A study under the auspices of Dr. Eric Rimm, associate professor at the Harvard School of Public Health and Harvard Medical School, has linked berry consumption with improved heart health.

The discovery is based on data from 93,600 women, who, at ages 25 to 42, signed up for the Nurses’ Health Study. Over the course of 18 years, they reported how often they ate various kinds of food. Young women were chosen as they had a relatively low risk of heart attack. The findings are also likely to apply to men.

The study showed that women who ate the fewest blueberries and strawberries were at increased risk of heart attack. Those who ate the most were 34% less likely to have suffered a heart attack than were women who ate the least of these fruits.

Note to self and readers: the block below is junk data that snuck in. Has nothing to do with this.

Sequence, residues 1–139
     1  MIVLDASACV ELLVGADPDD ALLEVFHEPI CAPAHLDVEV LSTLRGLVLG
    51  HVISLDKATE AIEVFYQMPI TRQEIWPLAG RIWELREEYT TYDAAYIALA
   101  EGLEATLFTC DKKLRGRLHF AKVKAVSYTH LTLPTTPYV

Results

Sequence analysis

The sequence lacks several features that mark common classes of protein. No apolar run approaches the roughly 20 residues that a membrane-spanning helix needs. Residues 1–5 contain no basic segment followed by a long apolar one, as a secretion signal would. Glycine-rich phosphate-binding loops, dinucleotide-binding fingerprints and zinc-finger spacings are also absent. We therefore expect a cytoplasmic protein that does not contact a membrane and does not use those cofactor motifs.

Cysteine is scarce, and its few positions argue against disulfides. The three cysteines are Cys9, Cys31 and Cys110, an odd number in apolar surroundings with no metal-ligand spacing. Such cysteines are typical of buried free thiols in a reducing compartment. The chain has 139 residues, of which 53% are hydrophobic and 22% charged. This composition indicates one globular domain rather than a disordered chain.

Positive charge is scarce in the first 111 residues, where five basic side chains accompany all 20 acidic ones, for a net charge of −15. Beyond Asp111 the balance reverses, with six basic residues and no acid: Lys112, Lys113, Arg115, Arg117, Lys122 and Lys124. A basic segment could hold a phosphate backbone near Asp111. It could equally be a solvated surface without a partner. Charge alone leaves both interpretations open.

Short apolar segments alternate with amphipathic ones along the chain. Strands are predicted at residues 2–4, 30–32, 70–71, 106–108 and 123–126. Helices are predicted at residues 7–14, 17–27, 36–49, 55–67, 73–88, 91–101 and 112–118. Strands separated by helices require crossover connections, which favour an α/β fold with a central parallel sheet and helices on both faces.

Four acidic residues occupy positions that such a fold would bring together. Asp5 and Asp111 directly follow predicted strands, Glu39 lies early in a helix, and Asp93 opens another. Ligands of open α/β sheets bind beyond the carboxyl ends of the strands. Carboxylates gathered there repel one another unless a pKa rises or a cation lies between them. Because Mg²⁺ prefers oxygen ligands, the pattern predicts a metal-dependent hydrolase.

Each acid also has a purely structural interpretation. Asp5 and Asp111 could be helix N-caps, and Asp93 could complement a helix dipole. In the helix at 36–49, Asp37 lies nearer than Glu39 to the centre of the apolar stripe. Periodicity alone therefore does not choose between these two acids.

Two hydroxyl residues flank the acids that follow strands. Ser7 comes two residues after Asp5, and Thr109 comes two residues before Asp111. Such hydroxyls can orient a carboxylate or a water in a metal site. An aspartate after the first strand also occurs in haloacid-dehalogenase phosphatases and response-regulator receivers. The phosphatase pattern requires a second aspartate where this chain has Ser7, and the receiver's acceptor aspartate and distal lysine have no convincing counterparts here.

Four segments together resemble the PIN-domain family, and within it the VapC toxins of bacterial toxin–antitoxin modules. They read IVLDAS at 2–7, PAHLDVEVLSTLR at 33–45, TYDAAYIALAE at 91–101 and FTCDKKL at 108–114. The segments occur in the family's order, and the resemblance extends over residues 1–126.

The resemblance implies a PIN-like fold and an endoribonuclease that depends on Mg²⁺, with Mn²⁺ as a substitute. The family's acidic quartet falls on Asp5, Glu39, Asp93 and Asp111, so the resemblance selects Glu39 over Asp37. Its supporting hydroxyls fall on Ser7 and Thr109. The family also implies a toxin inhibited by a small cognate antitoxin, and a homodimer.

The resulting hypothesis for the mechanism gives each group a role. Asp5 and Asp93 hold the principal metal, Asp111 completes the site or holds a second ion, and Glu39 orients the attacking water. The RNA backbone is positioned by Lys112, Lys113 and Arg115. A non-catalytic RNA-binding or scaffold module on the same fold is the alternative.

However it is important to note that there appears to be a threshold as those who ate low amounts had the same risk level as those who ate none at all. According to Dr Rimm, the threshold is three or more servings of around 72 grams of blueberries or strawberries each week.

Blueberries and strawberries are especially rich in anthocyanins which lower blood pressure and make blood vessels more elastic.

Dr Rimm says that whereas he believes the benefits come from the anthocyanins, he is not sure. Therefore some anthocyanin supplement (if it exists) may not have the same effect as eating the fresh fruit.